As the creators of the original BirdCam, the Audubon BirdCam, and the BirdCam 2.0, you might have guessed that all of us on Team Wingscapes are delighted with the opportunity to watch a pair of nesting Red-tailed Hawks live and up-close via Cornell Lab of Ornithology’s online nest cam.
As of March 22nd, three eggs have been laid and, according to Cornell Lab, the hatching should begin sometime around April 13th.
If you’re anything like we are, you’ll likely find yourself visiting the site regularly. While there, be sure to take the opportunity to visit with fellow enthusiasts via the site’s “Chat” feature, or check out some of the previous events the camera has recorded, such as the nest itself being built, in the “Videos” section.
Hearing on the news that the weather in England has been on the exceptionally cold side recently brought to mind our friends at the The Horticultural Channel, so we popped over to their YouTube channel to see what winter-time garden birds they’ve been recording at their bird table with the Wingscapes Audubon BirdCam.
While they’ve put up quite a bit of new BirdCam video footage, including one segment where they obviously had to dig the camera out of the freshly fallen snow, we were particularly impressed with this short clip of a beautiful (Eurasian) Jay making a breakfast feast of a fat (suet) ball.
Both the American Ornithologists’ Union and BirdLife International still include it on their respective lists of species. Scientists still hotly debate its existence. Novelists are even using the possibility of its continued survival as the theme of their books. Such is the mystique of the Ivory-billed Woodpecker.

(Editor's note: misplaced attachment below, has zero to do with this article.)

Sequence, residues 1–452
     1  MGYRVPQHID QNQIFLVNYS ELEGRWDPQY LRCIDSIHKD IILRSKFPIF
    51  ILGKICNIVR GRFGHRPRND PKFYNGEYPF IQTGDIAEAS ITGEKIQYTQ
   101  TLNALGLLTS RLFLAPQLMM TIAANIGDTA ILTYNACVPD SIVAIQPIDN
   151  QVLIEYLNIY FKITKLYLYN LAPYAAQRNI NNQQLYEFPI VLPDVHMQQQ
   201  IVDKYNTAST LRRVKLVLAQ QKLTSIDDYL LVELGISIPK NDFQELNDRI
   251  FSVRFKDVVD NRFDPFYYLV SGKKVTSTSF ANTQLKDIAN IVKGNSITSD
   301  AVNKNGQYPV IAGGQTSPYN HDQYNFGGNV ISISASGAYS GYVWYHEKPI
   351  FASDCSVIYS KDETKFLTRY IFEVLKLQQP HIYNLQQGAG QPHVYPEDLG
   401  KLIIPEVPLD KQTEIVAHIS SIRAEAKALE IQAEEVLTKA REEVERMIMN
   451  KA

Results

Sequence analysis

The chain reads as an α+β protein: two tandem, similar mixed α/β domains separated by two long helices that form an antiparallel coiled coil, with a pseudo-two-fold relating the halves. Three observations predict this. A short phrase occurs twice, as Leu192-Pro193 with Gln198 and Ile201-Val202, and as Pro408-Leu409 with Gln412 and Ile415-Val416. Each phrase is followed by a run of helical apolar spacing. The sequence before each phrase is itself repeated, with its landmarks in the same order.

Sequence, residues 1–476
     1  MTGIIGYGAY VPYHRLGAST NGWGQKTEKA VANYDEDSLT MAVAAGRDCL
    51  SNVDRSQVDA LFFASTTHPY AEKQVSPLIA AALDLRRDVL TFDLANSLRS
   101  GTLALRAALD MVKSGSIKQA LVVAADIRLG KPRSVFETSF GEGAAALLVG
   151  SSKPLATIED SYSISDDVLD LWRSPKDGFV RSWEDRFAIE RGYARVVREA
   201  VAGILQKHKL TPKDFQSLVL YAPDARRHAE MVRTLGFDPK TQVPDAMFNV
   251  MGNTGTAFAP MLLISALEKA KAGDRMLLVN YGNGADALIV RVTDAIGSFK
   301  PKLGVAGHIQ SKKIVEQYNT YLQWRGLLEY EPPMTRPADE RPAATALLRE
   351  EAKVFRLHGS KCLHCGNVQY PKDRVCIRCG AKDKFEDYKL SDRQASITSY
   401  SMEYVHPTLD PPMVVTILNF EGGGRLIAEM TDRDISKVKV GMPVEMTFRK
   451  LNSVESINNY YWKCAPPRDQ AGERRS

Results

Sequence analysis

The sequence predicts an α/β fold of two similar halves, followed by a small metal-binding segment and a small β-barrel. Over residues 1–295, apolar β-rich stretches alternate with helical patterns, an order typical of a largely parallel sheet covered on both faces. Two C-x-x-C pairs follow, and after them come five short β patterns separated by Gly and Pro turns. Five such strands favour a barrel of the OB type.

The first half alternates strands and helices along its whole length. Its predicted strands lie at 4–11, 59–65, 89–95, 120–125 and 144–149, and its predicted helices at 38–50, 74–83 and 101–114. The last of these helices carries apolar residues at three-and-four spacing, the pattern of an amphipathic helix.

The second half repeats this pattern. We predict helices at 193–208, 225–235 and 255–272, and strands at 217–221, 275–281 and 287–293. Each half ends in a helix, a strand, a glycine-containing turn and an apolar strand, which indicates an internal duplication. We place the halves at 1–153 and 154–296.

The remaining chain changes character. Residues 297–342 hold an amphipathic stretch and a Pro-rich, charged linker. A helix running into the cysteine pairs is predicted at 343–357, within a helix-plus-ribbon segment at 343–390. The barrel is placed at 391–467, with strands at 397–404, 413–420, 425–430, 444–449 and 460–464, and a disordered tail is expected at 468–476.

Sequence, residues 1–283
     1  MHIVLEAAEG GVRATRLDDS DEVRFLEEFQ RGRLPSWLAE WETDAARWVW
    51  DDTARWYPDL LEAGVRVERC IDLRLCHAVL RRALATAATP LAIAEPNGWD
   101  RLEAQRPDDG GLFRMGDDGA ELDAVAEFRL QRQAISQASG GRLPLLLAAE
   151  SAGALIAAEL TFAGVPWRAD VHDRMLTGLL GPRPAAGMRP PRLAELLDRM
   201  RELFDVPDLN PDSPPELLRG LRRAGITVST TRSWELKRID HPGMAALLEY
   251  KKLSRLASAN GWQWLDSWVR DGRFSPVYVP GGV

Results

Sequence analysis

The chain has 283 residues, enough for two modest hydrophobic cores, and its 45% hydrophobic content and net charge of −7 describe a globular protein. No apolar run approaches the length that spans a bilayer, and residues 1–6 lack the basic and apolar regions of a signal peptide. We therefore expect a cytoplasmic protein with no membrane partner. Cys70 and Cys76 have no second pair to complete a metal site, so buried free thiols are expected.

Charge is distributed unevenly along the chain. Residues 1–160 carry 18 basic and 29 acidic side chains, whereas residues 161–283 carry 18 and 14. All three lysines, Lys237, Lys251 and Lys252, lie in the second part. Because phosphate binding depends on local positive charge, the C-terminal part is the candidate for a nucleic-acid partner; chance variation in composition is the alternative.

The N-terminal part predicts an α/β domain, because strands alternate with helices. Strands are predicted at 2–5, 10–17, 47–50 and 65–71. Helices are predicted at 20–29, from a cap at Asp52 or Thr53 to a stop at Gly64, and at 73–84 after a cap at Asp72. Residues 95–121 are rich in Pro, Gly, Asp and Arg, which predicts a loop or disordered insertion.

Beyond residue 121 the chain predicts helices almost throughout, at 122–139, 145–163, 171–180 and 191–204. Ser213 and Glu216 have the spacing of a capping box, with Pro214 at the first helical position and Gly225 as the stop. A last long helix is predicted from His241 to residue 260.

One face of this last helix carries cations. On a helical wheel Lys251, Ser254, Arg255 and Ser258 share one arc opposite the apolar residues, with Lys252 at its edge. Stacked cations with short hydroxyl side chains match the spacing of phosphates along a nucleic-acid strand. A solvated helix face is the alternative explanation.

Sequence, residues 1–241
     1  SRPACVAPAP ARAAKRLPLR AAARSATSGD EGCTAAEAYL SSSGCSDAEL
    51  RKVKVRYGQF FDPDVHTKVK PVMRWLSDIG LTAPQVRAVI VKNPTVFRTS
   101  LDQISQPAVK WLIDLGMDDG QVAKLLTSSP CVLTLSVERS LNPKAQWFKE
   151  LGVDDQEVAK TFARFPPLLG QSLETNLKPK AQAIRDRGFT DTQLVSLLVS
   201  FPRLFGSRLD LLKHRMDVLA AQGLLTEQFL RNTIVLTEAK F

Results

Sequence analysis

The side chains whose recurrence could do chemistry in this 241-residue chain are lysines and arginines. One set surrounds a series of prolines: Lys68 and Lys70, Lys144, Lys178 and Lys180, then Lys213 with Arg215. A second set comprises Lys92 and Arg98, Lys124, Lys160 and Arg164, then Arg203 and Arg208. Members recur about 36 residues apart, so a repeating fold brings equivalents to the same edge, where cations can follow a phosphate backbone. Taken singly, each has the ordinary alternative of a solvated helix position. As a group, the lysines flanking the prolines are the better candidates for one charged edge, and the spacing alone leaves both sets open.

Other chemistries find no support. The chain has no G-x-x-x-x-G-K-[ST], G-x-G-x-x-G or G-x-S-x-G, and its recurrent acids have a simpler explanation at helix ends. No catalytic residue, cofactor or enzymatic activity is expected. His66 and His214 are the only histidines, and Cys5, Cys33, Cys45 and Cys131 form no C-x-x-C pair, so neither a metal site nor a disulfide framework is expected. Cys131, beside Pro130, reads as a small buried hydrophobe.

It’s not difficult to understand why the idea of its existence is so compelling. Just look at this BirdCam 2.0 video recorded by Ferdie2009 of its smaller cousin, the Pileated Woodpecker; now imagine this bird twice as large with a massive ivory-colored bill nearly three times the bill on this one. The prospect that such a spectacular bird may still be flying through some isolated forest is a very appealing thought indeed.
Our friends at The Horticultural Channel in London, England have really provided us with quite a parade of birds visiting their bird table that they’ve recorded using a Wingscapes Audubon BirdCam.
From the sweet-singing Blackbirds to the proverbially cheeky Robins to a squirrel helpfully giving the camera’s lens a quick “cleaning,” a good selection of the most common garden bird table visitors are represented.
There’s even a quick cameo appearance by a Carrion Crow and a Jay (which North American bird watchers will find remarkably different in appearance from the jays they’re accustomed to seeing at their own feeders.).
We discovered The Horticultural Channel through their posting to our Facebook page (they have one of their own as well, by the way); and we’re very glad they did. We hope to see many more of their videos in the weeks and months to come.